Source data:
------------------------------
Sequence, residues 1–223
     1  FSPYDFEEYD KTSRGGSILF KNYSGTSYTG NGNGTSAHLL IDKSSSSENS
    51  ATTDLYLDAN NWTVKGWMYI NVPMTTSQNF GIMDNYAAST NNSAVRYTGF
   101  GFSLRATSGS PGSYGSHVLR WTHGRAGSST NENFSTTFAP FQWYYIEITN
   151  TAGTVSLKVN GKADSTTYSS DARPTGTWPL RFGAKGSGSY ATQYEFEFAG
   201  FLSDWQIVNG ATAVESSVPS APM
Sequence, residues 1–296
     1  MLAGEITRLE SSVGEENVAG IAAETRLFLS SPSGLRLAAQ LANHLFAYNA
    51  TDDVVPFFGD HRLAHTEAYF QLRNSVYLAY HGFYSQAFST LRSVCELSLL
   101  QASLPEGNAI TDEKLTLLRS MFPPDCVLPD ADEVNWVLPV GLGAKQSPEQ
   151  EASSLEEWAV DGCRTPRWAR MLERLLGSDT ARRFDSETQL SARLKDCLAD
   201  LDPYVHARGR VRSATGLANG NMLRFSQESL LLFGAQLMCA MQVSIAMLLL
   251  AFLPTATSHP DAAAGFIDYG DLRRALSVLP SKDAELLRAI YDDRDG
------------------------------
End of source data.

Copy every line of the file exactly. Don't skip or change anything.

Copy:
Sequence, residues 1–223
     1  FSPYDFEEYD KTSRGGSILF KNYSGTSYTG NGNGTSAHLL IDKSSSSENS
    51  ATTDLYLDAN NWTVKGWMYI NVPMTTSQNF GIMDNYAAST NNSAVRYTGF
   101  GFSLRATSGS PGSYGSHVLR WTHGRAGSST NENFSTTFAP FQWYYIEITN
   151  TAGTVSLKVN GKADSTTYSS DARPTGTWPL RFGAKGSGSY ATQYEFEFAG
   201  FLSDWQIVNG ATAVESSVPS APM
Sequence, residues 1–296
     1  MLAGEITRLE SSVGEENVAG IAAETRLFLS SPSGLRLAAQ LANHLFAYNA
    51  TDDVVPFFGD HRLAHTEAYF QLRNSVYLAY HGFYSQAFST LRSVCELSLL
   101  QASLPEGNAI TDEKLTLLRS MFPPDCVLPD ADEVNWVLPV GLGAKQSPEQ
   151  EASSLEEWAV DGCRTPRWAR MLERLLGSDT ARRFDSETQL SARLKDCLAD
   201  LDPYVHARGR VRSATGLANG NMLRFSQESL LLFGAQLMCA MQVSIAMLLL
   251  AFLPTATSHP DAAAGFIDYG DLRRALSVLP SKDAELLRAI YDDRDG